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Supervised Workplace Training: The new pathways to admission

Every Issue

Cite as: (2008) 82(9) LIJ, p. 77

Firms and law graduates now have a choice between two different avenues, each of which will lead to admission to practice.

Law graduates have two choices when it comes to gaining admission to practice – supervised workplace training or practical legal training.

The following is a brief overview of the two avenues to admission.

Supervised workplace training (traineeships)

  • 12 months of on-the-job training;
  • trainees are paid employees; and
  • trainees are obligated to complete 10 subjects (competencies).

Practical legal training (PLT)1

  • six-months duration;
  • a combination of practical work experience at a firm and a majority of course work (either online or onsite at the education facility); and
  • course cost is paid for by the student (about $6000-$7000 for Australian residents).

Traineeships replaced articles of clerkship from 1 July 2008. Any articled clerk who commenced their articles before 1 July is still under the articles scheme.2

Any law graduate who begins at a law firm after 1 July (a trainee) will be required to comply with the Legal Profession (Admission) Rules 2008 (the Rules).3

For a comparison of the two systems see table below.

Trainee responsibility for compliance

Firms need to understand that all trainees are personally responsible for compliance with all the formal requirements of the Rules.

Assistance is often offered by a firm (e.g. through their human resources or learning and development departments), despite the addition of the new r3.07 setting out the obligations of a trainee’s supervisor, this does not absolve the trainee from personal responsibility to ensure that all their documents are in order.

All documents must still be lodged with the Board of Examiners for Legal Practitioners in person and the trainee may be asked questions about the documents being lodged. Thus each trainee should be familiar with the content and significance of those documents.

The Board of Examiners

The Board administers the Rules and one of its main purposes is to help all candidates through the admission process. Trainees are encouraged to seek the Board’s advice and assistance at any time. For further information go to

Frequently asked questions

The LIV website has an extensive list of answers to some of the most frequently asked questions in relation to the Rules. Firms, together with trainees, are encouraged to read these FAQs as they may well answer your initial questions.

The Young Lawyers’ Section of the LIV continues to be available to members to assist with articled clerks and traineeship inquiries. Technical questions regarding an interpretation of the Rules should be directed to the Board.

For further information or a copy of the Rules and a sample training plan, see

Supervised workplace training

Articles of clerkship

Within the first month of commencing a traineeship,4 the trainee must lodge with the Board of Examiners their schedule 4, together with a full academic record and a “training plan”.5

Within the first month, an articled clerk lodged with the Board of Examiners their schedules 4 and 5 together with a full academic record.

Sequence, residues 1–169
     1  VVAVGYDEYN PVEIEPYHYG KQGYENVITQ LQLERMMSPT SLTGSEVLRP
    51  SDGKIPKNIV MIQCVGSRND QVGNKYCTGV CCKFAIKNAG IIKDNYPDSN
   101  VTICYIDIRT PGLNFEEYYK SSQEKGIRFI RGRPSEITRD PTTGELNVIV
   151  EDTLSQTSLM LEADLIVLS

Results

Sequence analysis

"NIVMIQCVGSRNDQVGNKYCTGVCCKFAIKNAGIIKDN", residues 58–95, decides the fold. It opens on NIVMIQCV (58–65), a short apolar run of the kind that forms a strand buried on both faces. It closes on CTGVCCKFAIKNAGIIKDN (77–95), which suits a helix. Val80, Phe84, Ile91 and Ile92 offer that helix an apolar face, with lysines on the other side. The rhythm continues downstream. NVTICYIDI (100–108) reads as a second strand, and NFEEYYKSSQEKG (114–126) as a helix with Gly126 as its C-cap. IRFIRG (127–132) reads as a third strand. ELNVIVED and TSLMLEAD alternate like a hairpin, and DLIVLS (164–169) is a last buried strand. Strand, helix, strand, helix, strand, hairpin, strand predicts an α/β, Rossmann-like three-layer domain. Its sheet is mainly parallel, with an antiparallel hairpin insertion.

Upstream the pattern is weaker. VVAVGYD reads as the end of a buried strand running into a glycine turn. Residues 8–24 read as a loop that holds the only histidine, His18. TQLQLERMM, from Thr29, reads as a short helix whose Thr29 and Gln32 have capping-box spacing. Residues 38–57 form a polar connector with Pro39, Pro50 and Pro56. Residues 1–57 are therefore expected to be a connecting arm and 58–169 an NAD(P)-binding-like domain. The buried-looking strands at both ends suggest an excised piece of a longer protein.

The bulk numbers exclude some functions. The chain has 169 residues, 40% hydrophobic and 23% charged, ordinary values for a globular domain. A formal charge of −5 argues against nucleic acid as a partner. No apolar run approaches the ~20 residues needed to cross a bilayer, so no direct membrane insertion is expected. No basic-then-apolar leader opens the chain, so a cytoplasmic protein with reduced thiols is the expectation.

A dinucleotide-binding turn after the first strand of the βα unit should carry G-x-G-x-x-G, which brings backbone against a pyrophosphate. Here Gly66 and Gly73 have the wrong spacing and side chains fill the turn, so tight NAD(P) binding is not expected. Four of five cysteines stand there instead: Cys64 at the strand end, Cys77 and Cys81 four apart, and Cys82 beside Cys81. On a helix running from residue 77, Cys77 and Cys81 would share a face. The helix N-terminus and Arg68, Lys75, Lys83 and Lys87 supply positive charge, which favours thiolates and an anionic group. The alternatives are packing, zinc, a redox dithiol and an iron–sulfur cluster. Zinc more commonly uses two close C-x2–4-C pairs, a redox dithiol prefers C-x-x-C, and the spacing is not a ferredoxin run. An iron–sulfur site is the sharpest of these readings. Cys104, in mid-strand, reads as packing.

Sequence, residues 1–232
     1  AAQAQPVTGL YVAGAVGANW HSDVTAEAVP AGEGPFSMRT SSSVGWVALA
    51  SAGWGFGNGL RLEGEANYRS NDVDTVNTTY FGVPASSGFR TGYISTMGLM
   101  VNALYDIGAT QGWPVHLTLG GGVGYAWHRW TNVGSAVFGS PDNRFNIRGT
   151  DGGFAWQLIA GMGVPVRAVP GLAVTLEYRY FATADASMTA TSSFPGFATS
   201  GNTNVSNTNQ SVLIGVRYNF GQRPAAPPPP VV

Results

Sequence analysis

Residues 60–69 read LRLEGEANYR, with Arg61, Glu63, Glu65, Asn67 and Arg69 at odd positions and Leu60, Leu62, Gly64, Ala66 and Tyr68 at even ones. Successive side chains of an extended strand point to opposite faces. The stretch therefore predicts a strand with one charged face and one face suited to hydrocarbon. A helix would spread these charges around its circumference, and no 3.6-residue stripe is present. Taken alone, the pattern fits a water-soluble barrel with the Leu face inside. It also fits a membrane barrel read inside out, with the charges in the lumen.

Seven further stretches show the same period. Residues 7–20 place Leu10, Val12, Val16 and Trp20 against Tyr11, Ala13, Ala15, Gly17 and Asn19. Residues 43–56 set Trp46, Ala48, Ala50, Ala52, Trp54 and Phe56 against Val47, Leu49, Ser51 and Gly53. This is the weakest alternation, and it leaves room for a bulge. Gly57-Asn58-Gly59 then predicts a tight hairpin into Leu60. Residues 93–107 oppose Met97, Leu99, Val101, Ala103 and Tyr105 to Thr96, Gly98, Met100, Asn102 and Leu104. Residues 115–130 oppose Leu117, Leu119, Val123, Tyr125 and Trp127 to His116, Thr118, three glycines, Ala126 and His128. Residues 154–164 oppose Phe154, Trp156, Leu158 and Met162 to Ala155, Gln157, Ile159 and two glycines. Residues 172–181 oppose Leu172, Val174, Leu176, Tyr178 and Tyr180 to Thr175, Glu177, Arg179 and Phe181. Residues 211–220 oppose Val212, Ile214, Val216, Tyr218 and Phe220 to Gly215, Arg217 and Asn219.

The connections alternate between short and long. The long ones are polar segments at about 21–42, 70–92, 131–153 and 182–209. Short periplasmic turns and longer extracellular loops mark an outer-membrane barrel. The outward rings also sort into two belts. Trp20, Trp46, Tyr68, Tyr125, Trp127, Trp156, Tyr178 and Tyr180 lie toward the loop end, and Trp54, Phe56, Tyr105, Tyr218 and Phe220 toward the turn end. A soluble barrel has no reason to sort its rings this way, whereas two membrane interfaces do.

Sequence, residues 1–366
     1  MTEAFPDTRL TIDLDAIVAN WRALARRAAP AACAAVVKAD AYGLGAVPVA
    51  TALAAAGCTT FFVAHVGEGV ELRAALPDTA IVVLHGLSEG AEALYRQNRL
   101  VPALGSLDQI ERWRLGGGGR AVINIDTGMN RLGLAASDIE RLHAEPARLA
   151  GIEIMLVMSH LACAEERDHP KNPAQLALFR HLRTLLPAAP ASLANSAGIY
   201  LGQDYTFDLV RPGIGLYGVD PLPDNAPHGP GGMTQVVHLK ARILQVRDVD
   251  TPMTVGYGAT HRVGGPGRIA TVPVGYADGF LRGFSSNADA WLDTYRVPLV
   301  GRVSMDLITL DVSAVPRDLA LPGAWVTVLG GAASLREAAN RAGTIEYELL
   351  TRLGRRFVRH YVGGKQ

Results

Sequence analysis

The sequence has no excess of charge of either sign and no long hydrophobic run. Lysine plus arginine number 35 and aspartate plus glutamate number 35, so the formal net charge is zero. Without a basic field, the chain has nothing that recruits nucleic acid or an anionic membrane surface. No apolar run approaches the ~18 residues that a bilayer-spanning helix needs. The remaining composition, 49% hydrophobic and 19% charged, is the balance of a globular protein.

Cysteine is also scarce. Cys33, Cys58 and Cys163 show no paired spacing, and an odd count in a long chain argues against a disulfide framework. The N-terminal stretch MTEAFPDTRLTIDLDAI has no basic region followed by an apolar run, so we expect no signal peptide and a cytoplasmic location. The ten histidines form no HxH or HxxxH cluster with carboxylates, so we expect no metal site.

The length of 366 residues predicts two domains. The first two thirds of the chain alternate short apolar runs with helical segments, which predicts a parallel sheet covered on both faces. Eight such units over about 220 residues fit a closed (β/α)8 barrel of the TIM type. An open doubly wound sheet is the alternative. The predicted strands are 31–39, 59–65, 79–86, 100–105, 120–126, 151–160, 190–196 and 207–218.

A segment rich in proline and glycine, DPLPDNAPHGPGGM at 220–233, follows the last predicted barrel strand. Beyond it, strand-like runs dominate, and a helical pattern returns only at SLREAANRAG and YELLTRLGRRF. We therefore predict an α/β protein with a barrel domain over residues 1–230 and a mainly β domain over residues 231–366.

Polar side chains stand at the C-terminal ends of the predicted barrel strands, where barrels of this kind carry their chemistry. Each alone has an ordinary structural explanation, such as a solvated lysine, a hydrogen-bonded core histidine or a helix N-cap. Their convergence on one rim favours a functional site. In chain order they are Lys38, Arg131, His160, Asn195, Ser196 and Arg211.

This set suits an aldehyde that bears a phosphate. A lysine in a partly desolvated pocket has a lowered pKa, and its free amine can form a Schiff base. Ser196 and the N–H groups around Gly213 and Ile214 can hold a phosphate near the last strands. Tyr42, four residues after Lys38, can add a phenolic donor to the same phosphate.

Ethics and Professional Responsibility, Lawyer’s Skills, and the risk management elements under Work Management and Business Skills must be taught externally by an accredited provider.6

No formal training requirements.

A supervisor may supervise one trainee at a time unless they have sought the prior approval of the Board of Examiners;7 The Board has requested that applications for approval be made as soon as possible for the 2009 intake.

A person could be a principal of no more than two articled clerks at a time unless they had sought the prior approval of the Board.9

A person may be a supervisor of a trainee if they are an Australian lawyer engaged in legal practice (or a government, corporate commercial or community legal officer), working principally in Victoria, and have worked as either (or as both) a practising solicitor or a practising barrister for a total of at least five years (of which at least three years were spent working as a solicitor).8 The rules also allow a graduate to apply to the Board to be supervised by a judge.

A principal under the articles system was required to be in private practice for a continuous period of not less than five years.10

DONNA ADAMS is the Young Lawyers’ Section manager. She can be contacted at, ph 9607 9379 or see

1. See “New traineeship regime on track”, June 2008 LIJ, pp26-27 for more on the practical legal training options.

2. This is a reference to the now revoked Legal Practice (Admission) Rules 1999.

3. The Rules commenced on 1 July 2008.

4. The Rules, r3.13.

5. A copy of a training plan is available from

6. These three subjects are: each element of Lawyers’ Skills; the Risk Management element of Work Management and Business Skills, and Ethics & Professional Responsibility. See r3.09 of the Rules.

7. The Rules, r3.08(3).

8. The Rules, r3.05.

9. Legal Practice (Admission) Rules 1999, r3.11.

10. Or they had sought approval of the Board – see r3.11 of the Legal Practice (Admission) Rules 1999.


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